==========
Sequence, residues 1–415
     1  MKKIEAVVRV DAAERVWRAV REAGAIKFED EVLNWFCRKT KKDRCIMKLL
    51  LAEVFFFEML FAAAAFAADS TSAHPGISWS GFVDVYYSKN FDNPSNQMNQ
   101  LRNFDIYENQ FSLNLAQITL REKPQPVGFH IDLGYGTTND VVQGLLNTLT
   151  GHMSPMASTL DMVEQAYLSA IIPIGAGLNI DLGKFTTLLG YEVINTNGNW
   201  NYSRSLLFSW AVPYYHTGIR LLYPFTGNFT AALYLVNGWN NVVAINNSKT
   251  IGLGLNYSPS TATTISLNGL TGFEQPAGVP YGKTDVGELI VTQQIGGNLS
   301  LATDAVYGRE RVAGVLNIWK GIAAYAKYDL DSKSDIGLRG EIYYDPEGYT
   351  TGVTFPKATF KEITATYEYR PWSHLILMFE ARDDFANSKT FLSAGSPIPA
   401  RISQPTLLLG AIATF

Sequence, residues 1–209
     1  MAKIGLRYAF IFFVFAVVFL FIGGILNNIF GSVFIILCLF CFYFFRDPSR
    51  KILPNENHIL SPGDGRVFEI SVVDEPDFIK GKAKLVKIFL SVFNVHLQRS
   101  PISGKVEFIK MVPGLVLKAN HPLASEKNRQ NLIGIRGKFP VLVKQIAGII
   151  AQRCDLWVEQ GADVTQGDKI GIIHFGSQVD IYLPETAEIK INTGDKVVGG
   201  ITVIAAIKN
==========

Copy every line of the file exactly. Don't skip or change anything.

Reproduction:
Sequence, residues 1–415
     1  MKKIEAVVRV DAAERVWRAV REAGAIKFED EVLNWFCRKT KKDRCIMKLL
    51  LAEVFFFEML FAAAAFAADS TSAHPGISWS GFVDVYYSKN FDNPSNQMNQ
   101  LRNFDIYENQ FSLNLAQITL REKPQPVGFH IDLGYGTTND VVQGLLNTLT
   151  GHMSPMASTL DMVEQAYLSA IIPIGAGLNI DLGKFTTLLG YEVINTNGNW
   201  NYSRSLLFSW AVPYYHTGIR LLYPFTGNFT AALYLVNGWN NVVAINNSKT
   251  IGLGLNYSPS TATTISLNGL TGFEQPAGVP YGKTDVGELI VTQQIGGNLS
   301  LATDAVYGRE RVAGVLNIWK GIAAYAKYDL DSKSDIGLRG EIYYDPEGYT
   351  TGVTFPKATF KEITATYEYR PWSHLILMFE ARDDFANSKT FLSAGSPIPA
   401  RISQPTLLLG AIATF

Sequence, residues 1–209
     1  MAKIGLRYAF IFFVFAVVFL FIGGILNNIF GSVFIILCLF CFYFFRDPSR
    51  KILPNENHIL SPGDGRVFEI SVVDEPDFIK GKAKLVKIFL SVFNVHLQRS
   101  PISGKVEFIK MVPGLVLKAN HPLASEKNRQ NLIGIRGKFP VLVKQIAGII
   151  AQRCDLWVEQ GADVTQGDKI GIIHFGSQVD IYLPETAEIK INTGDKVVGG
   201  ITVIAAIKN